# Example tripped Kolmogorov and Wiener

Assuming the hint is true, I attempt to prove the latter prop:

Assume on the contrary that $\mathscr{L} = \mathscr{R}$.

If $\sigma(Y_0) \subseteq \mathscr{L}$, then $\sigma(Y_0) \subseteq \mathscr{R}$.

Since $\sigma(Y_0)$ and $\mathscr{R}$ are independent, $\sigma(Y_0)$ is independent of itself.

This means $\forall F \in \sigma(Y_0), P(F \cap F) = P(F)P(F) \ \to \ P(F) \in \{0,1\}$.

Choose $F = (Y_0 = 1)$ or $F = (Y_0 = -1)$. We have $P(F) = 1/2 \notin \{0,1\}$

Is that right? I based it off the K 0-1 Law proof here.

• Is $\sigma(\cal Y, T_n)$ the same thing as $\sigma(\cal Y \cup T_n)$? I don't understand what the comma means. – Shalop Jul 16 '15 at 1:52
• @Shalop Um, like this? – BCLC Jul 16 '15 at 19:35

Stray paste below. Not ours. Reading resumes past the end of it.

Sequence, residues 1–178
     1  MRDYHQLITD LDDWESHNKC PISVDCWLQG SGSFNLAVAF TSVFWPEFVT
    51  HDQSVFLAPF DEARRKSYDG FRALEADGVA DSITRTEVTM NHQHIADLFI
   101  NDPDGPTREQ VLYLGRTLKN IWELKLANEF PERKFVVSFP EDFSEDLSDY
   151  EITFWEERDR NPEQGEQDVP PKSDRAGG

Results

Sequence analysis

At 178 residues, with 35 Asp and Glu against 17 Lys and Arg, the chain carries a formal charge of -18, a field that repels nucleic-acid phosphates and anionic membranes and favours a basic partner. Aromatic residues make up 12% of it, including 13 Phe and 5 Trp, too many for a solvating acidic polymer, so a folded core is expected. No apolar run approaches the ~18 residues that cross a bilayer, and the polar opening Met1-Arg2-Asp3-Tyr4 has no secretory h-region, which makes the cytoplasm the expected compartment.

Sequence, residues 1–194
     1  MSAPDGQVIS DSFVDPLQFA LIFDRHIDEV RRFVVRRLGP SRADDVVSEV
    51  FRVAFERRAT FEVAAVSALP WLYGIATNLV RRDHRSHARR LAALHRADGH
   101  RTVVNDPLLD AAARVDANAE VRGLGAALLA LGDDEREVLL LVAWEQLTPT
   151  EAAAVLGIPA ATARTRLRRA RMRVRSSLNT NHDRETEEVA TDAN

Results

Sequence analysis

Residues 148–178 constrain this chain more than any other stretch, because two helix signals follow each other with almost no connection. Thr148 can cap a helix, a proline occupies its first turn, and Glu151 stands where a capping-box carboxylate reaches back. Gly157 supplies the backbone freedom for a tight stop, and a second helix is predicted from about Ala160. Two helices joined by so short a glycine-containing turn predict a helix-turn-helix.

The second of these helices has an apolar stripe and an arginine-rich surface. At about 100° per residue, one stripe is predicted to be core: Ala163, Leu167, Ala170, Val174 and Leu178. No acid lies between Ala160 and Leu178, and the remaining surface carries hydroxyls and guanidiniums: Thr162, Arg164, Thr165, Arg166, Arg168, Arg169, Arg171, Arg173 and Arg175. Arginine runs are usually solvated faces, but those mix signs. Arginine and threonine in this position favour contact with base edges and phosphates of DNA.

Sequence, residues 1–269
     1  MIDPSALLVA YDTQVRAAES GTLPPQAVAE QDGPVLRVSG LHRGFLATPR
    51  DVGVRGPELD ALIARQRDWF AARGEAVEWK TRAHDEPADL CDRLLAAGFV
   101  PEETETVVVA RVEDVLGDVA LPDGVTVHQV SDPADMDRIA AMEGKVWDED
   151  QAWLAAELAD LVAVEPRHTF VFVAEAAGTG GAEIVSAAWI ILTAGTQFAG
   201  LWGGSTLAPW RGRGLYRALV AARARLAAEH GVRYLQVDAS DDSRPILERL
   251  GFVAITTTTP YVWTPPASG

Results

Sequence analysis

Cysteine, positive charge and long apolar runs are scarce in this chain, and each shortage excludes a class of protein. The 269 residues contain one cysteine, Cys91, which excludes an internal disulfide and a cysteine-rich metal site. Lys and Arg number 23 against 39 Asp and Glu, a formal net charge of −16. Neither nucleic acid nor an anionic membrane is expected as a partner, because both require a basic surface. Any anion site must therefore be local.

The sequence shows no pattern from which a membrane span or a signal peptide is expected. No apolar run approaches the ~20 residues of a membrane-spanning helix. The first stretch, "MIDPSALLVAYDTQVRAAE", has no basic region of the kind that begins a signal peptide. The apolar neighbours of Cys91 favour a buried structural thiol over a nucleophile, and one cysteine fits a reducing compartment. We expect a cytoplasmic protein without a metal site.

• @Shalop Anyway, I think understanding $\mathscr{L}$ and $\mathscr{R}$ is relevant for proving the hint rather than assuming the hint and then proving the second statement – BCLC Jul 16 '15 at 19:36
• Do you want a proof of the hint? I thought that you just wanted someone to check what you wrote above, i.e, that the event $\{Y_0=1\}$ is in $\cal L \backslash R$, which is true. BTW, I didn't downvote your question. – Shalop Jul 16 '15 at 20:32
• Yeah, it looks fine to me. – Shalop Jul 16 '15 at 23:11

## 1 Answer

Yeah, it looks fine to me. – Shalop Jul 16 at 23:11